«Taleon» /Aleksander Kitaev/
The typical St. Petersburg photographer is a black-and-white ascetic with a certain sensitivity. A judge of an austere style of architecture, poetry, rundown walls and palaces with well-groomed courtyards, he produces ste-reotyped views and a glossy mythology. The result is an infinitely repeating tautology defined by the banal equa-tion: St. Petersburg photographer = photographer of St. Petersburg. Despite a biography that is typical of St. Peters-burg photographers of the 1970s (a class for beginners at the Vyborgsky House of Culture, a press-photographer certificate from the House of Journalists, and work as a technical photographer in shipyards - while he keeping his own personal work in the drawer), Alexander Kitaev is one of the city's few masters with his own particular style. A dedicated retro man, whose photos of the city are not individual, if well-done works, Kitaev prefers to procude series of photographs that develop a particular theme: be it St. Petersburg's 'yellow-colored image' or deformed city views, corner buildings ripping into squares and intersections, or a pre-tercentenary downtown enclosed in scaffolding and polyethylene. Indeed, the city, which is preserved in its 19th-century style, suggests a retrospective approach. But even in his studio work, Kitaev opts for an old-fashioned manner. He doesn't need artificial lighting — the garret windows, long exposure times and the famous wall that has been the background for anything that could be photo-graphed in the studio - prima ballerinas of the Mariinsky, portraits of actors' and local bohemians and nudes, - are enough. Just as it was in the studio of an old, prerevolutionary photographer, the model has to sit still for an extend-ed time. In the same manner, St. Petersburg sits in recollection of itself for Kitaev.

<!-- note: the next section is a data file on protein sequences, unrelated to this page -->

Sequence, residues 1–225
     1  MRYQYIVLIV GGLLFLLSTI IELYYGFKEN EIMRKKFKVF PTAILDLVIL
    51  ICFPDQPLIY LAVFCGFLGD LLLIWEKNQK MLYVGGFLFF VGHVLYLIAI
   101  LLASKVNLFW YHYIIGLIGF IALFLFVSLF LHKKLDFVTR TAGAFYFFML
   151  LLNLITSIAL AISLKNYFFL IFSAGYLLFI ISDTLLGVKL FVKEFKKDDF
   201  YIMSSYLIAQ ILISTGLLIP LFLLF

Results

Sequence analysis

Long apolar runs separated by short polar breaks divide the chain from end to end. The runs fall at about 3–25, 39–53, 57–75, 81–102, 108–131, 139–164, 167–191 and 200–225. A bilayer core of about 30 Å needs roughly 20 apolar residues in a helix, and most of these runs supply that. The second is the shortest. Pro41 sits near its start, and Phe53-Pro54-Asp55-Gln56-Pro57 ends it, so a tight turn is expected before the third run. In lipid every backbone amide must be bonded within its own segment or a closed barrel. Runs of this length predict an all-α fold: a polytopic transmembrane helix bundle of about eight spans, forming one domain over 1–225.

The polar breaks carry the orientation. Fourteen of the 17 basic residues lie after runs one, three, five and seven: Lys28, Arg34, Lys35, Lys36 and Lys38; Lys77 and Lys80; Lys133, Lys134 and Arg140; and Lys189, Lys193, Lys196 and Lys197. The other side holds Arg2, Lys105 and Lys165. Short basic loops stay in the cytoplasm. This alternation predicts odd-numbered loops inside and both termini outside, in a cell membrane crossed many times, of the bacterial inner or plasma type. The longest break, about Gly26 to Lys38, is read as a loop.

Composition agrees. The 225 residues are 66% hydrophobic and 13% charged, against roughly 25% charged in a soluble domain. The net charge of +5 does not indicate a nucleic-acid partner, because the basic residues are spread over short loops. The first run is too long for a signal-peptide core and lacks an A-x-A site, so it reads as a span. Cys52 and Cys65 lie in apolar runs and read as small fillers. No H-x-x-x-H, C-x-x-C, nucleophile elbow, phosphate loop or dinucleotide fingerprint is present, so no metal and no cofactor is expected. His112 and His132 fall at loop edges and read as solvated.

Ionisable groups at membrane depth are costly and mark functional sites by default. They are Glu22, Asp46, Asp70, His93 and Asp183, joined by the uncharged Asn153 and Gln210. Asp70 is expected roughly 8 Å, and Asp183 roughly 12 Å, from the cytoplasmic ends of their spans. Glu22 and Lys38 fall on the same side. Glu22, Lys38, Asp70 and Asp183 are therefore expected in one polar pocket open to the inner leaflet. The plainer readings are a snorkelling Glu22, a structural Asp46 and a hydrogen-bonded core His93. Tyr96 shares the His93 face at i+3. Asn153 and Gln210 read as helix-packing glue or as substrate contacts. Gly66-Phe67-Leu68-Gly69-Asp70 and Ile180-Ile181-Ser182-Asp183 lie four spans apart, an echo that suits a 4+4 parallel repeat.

By Anna Tolstova